I sat on my bed. I had just got done packing and had my stuff shoved into my closet just in case my mother came into the room before we left. We weren't leaving till midnight tonight, so we had a few hours. Every time I passed by my guitar I would stand there look at it and then move on to packing something else. I did that, maybe, five times. I sighed. I couldn't take the guitar with me, it would be too much weight and its not a necessity, I couldn't bring it with me.
I sat down and sighed. I picked up the guitar and started strumming knowing I would never be able hold this guitar in my hands and have my finger tips run over the strings that have been played by my father and myself. I would never feel the same soft wood that my father sanded and shinned himself so many years ago. This was the last connection I had to my father and I was going to leave it behind.
I laughed as I sat and remembered what my dad told me years ago before his unexpected death.
I was four years old sitting my dads lap with his guitar on my lap. He was strumming the strings and singing a song just randomly. He looked down at me and smiled. Mary sat in the couch next to him her small head hidden by a book.
My dad looked down at me and smiled again, "Son, one day this guitar will be yours. Liddy. She will be your guitar. She will love being played by you as much and she does me." I giggled at the name of the guitar. My father laughed and then said, "Liddy, she's a redwood. I don't expect you to understand right now, Son, but one day you will."
How wrong was he. I understood everything he said. I understood Liddy was a redwood. She was a beautiful redwood guitar. A while ago I stopped calling her Liddy, I couldn't. It hurt too much calling her Liddy. Thats what my dad called her. I bowed my head and pressed my face against her smooth surface and whispered, "Liddy, Imma miss you baby. We've been through everything. You were there with me when Dad died. I love you, don't you forget that. I'm sorry I have to leave you, Liddy. You'll understand someday."
I wasn't exactly talking to her more like I was talking to my dad or to myself talking myself out of bringing her. I think it was both. I think I was trying to find away to appologize to my father for leaving his guitar, the one he told me that would be mine and then I would pass it down to my kids and so on. I shead a tear as I put Liddy down and stand up.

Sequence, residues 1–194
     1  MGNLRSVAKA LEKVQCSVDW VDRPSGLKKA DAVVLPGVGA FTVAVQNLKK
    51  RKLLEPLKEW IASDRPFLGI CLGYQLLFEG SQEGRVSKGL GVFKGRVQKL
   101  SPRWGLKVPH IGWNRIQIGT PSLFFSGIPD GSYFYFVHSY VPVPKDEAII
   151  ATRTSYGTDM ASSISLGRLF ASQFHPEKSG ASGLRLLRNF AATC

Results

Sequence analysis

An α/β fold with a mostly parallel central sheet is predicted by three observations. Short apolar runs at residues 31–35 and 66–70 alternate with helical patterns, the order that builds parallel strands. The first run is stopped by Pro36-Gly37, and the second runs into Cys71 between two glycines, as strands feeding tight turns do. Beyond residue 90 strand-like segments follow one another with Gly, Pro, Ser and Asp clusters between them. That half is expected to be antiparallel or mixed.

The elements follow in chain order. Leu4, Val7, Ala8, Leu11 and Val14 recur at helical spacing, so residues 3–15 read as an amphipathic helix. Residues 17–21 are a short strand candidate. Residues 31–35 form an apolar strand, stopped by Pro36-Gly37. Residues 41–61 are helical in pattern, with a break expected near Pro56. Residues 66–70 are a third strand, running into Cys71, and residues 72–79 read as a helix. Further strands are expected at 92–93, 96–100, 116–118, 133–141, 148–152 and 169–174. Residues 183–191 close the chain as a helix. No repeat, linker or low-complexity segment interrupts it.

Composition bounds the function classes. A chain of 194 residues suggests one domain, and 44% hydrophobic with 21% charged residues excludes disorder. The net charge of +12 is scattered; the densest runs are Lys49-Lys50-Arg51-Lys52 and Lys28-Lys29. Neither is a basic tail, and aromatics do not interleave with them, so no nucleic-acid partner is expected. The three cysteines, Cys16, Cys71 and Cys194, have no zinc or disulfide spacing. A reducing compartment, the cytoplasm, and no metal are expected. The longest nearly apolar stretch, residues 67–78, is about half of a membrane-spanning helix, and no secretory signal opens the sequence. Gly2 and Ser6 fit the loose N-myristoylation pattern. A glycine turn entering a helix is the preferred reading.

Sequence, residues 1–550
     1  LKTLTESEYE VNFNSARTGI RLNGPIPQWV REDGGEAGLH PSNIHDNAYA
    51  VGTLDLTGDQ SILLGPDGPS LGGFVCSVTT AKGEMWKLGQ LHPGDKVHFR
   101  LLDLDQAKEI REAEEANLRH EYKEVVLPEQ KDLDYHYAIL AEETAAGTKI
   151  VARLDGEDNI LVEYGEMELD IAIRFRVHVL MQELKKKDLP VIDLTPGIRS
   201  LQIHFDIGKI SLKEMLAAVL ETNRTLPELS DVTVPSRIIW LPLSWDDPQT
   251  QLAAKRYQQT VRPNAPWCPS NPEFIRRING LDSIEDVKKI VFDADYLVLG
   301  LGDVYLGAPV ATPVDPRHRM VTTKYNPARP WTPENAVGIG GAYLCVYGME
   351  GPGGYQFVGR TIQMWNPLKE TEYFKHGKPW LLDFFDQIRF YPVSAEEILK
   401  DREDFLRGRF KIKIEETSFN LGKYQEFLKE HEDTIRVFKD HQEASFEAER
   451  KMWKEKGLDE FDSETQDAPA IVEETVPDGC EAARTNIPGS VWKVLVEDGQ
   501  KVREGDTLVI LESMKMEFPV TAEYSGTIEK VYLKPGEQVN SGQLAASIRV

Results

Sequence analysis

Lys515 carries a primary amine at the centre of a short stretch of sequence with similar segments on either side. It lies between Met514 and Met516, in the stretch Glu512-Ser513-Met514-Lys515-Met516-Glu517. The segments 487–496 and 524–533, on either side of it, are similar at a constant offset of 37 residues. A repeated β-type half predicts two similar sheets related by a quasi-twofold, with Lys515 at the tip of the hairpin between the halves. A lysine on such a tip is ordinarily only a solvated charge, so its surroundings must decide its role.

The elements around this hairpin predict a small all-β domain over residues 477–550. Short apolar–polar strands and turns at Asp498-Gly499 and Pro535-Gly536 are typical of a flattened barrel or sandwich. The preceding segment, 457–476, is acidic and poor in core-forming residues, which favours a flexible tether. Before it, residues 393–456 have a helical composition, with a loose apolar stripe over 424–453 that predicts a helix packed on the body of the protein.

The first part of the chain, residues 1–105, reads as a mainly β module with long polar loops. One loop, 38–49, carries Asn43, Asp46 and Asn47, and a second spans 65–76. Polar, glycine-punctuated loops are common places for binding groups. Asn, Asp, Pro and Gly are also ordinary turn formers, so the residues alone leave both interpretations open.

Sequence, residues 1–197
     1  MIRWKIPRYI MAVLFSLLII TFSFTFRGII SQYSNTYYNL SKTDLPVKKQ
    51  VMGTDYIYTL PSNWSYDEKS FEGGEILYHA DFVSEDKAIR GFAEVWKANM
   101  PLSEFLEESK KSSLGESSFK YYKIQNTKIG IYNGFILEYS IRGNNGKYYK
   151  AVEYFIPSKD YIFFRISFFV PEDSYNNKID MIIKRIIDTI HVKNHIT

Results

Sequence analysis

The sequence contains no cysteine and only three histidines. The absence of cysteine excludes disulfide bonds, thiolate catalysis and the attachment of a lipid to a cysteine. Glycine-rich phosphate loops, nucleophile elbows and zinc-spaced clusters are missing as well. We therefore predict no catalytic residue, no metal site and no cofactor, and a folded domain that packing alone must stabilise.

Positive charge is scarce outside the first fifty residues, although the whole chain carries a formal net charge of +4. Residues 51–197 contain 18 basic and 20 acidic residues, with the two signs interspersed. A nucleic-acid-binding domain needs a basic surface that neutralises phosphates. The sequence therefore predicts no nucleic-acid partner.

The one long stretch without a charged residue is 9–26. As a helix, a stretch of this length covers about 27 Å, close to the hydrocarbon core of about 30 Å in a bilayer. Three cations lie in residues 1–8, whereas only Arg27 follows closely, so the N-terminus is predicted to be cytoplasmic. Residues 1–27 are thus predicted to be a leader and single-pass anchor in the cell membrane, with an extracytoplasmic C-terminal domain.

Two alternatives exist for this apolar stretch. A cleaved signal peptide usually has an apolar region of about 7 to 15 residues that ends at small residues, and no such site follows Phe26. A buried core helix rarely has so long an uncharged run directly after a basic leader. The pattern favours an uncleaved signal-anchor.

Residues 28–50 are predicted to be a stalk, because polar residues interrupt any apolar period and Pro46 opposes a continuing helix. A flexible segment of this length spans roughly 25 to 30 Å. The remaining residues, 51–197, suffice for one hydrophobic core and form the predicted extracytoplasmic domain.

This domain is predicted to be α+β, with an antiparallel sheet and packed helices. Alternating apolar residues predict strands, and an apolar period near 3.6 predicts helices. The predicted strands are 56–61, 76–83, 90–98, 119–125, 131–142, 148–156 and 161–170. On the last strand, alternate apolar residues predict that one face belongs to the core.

I look at the doorway and see Mary standing there, tears in her eyes. "You're leaving Liddy?" She asked. I didn't know she remembered Liddy. I knew she remembered the guitar but I didn't know she remembered what Dad had named her.
I nodded and said, "She'll slow us down. I'll come back for her someday. But for now she has to stay here."
She looked at me as if I just betrayed her. Then she came at me. Well she didn't come at me come at me. She just ran to me and when I thought she was going to hit me she just broke down crying. I heard her whispering something, but I couldn't understand it through her sobs. Then she looked at me and started yelling at me, "You're leaving the only thing you have left to Dad! You're leaving Liddy! You're leaving Dad behind! You're making his death known! How dare you! How dare you." She sobbed more and I held my sister tears slowly sliding down my cheeks.
I knew how she felt I had made this argument with myself more than once and I had made all the points she just did. But I knew I couldn't take Liddy with me. I knew I was leaving not just Liddy, but Dad too. I hated having to leave Liddy but I knew I had to. Finally Mary looked up at me and stopped sobbing. She straightened herself and looked out the window at the darkening sky.
"I don't want to leave Liddy." I said softly.
She looked at me like she missed my comment then looked out the window again. She sighed and then said, "I'm not letting you leave this house without Liddy. There's no way you're leaving Liddy. Dad put all his hard work into that guitar and we're not going to be the ones to have all that be taken away. You know what will happen if you leave it hear. She'll destroy it. There's no doubt. Everything we're about to leave behind she will destroy. Only the things she could use will she keep and Dad's guitar will be the first thing to go. You know that as well as I do."